Tips for surviving the academic job search season

Are you on the market now? I’m sorry. It can be a very difficult time of year. Here are some things you can do to help you cope with the stress of uncertainty and near-certain rejection. Doing these things helps me, and I suspect the list will be more a reminder of things you already know than a list of things you never thought of before!

On Tuesday evening I spoke at an event on imposter syndrome organized by Grad Minds, a student group at the University of Toronto. One audience member asked about how to keep her spirits up at this time of year, when academic hiring is in full swing. Or, should I say, academic rejection is in full swing! The vast majority of applicants for any job won’t be asked for an interview. Rejection is the norm, and it can be very hard to take for so many reasons.

Here are some ideas to help you cope:

  1. Assume you didn’t get the job. This advice come from Alison Green, the woman behind the wonderful Ask a Manager website. If you do get contacted for an interview, it’ll come as a nice surprise. Easier said than done, but it’s a helpful attitude to cultivate in any job application situation.

For the other 9 tips, head over the University Affairs to read the full post! Let me know if there’s anything that works especially well for you.


Do you know what career path to take?

Happy new year! Here’s looking forward to a great 2015 for me and for all of you. Here’s my first post of the year, over at University Affairs. It begins:

“When did you decide to leave academia?” This question, or some version of it — “How did you know that you didn’t want to be a professor?” for example — is one I’m regularly asked. It comes up in conversation, on Twitter, or when I’m on a careers panel. It’s a fair inquiry, and the questioner tends to ask because she is wrestling with making a decision about her own future. But it’s a question that I can’t answer. There was no one moment when I knew the tenure-track wasn’t for me, and there wasn’t an easy process to come to that decision either.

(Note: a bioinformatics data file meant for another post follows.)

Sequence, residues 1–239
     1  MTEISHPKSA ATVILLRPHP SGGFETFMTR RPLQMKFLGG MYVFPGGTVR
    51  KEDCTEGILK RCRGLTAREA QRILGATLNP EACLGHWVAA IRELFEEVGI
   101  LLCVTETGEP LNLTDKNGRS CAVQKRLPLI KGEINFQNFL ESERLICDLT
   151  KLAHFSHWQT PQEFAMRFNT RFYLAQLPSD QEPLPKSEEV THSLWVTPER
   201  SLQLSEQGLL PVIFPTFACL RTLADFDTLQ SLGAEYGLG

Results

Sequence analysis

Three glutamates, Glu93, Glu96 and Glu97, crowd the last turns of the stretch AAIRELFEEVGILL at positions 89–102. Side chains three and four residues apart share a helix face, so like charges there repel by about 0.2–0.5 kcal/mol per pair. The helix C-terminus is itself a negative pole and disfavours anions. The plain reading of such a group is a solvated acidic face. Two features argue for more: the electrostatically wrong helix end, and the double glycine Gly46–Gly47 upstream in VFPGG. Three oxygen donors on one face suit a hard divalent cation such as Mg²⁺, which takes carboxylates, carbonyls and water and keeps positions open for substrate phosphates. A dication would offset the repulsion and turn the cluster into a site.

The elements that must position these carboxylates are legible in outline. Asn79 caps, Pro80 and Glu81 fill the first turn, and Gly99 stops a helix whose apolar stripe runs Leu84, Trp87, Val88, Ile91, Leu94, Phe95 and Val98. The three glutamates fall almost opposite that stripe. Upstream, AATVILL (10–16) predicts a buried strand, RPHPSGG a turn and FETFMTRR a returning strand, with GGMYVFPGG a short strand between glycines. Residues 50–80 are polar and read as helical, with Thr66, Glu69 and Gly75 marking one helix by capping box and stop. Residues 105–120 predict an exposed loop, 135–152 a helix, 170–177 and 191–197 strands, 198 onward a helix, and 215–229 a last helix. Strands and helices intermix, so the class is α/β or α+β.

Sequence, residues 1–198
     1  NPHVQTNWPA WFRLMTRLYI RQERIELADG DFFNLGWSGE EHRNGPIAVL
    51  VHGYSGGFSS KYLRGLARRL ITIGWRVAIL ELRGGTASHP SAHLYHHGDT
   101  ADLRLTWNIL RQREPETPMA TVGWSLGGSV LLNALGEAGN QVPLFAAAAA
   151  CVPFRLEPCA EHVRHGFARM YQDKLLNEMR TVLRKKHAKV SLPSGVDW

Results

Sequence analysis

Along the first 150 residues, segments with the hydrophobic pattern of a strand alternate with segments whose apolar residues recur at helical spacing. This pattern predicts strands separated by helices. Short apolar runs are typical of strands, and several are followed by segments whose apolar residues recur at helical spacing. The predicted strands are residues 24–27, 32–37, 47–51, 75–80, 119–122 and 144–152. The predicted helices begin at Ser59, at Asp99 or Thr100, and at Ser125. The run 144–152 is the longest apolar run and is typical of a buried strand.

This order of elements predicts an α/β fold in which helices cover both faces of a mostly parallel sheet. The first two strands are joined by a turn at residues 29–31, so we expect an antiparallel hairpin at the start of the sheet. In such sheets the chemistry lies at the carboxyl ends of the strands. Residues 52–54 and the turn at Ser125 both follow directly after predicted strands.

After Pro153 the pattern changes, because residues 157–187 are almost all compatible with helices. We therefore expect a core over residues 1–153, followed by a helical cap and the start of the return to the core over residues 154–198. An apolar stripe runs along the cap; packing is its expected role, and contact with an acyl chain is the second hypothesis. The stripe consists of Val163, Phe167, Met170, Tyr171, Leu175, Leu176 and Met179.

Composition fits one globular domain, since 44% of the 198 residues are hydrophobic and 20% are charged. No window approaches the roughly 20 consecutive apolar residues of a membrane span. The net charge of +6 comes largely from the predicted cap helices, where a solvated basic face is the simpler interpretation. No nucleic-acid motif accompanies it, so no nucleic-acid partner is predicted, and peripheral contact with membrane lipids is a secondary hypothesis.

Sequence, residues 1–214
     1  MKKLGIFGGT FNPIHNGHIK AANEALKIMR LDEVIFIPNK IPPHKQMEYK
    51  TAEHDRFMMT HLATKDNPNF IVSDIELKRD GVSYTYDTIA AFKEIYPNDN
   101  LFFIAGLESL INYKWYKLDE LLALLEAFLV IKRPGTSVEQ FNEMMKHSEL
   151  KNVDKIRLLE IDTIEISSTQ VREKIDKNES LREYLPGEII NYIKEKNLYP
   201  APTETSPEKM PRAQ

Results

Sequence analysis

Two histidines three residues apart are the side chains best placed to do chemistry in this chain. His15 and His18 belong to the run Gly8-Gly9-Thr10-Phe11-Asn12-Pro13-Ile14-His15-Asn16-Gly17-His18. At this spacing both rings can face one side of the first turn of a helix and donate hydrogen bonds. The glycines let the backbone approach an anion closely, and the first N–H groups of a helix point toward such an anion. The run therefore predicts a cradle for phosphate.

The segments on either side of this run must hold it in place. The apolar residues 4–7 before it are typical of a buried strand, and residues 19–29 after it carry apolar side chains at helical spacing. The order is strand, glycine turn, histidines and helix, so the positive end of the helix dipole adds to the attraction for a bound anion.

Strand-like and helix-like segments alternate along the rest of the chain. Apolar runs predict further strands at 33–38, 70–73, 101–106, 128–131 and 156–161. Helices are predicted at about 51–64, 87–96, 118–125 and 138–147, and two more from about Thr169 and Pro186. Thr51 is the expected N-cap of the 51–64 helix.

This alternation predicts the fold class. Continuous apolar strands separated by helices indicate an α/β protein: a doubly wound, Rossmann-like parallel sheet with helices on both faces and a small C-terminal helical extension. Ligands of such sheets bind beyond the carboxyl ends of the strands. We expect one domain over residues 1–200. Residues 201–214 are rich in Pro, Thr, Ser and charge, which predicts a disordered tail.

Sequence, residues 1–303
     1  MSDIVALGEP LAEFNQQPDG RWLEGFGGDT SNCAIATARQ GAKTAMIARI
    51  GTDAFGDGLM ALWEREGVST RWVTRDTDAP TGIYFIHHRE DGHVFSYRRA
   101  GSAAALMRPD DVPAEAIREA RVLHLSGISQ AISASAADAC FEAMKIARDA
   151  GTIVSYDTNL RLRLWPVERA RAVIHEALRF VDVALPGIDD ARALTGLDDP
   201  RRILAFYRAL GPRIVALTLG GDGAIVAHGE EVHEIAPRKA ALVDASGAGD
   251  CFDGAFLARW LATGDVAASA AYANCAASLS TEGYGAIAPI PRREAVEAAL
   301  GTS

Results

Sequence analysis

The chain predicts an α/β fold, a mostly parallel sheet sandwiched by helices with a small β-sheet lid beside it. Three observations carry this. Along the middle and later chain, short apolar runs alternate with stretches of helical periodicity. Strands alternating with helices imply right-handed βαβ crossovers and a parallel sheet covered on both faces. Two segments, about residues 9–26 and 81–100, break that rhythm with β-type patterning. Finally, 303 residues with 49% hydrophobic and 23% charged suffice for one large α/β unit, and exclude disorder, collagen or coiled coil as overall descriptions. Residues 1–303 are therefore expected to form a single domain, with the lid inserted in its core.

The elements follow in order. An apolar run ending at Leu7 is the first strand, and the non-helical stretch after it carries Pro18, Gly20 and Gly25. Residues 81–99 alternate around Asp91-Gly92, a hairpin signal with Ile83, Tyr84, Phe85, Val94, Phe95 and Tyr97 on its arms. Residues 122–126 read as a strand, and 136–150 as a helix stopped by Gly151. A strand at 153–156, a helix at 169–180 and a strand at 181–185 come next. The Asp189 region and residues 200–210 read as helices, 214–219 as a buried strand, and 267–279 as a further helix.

To read the rest, head over to UA. Let me know what you think! What metaphor do you like to use?

Reflect back to move forward

Here are some questions to help you clarify your priorities, goals, and action steps for 2015. And I even answer them myself! Let me know if you find them helpful. Thanks to one of my current clients for letting me try a few out on her earlier this week. She inspired the post.

Instead of making New Year’s resolutions, I’m going to reflect back on what I did and didn’t do this past year, and explore how I feel about those things. Those reflections will highlight things that are important to me, and suggest future priorities and action steps. Here are some questions to help you do the same:

What are you most proud of from the past year?

What’s your biggest achievement from the past year?

What was your biggest disappointment?

What surprised you most about yourself this year?

Four more questions and my responses and thoughts in the full blog post over at University Affairs.

Are you hoping instead of acting?

This one goes out to all of us who’re shying away from exploring our options in hopes that our current activities will be enough to sustain us, long-term. (Does that make sense?) I recently realized I was hoping instead of acting. What about you?

Read the post over at University Affairs, and let me know what you think!

Transition Q & A: Melissa Dalgleish

This is one you’re definitely going to want to read! Melissa Dalgleish is a regular contributor to Hook & Eye, an ABD in English from York University, and a research officer in the Faculty of Graduate Studies at same. Here’s an excerpt:

What do you do now?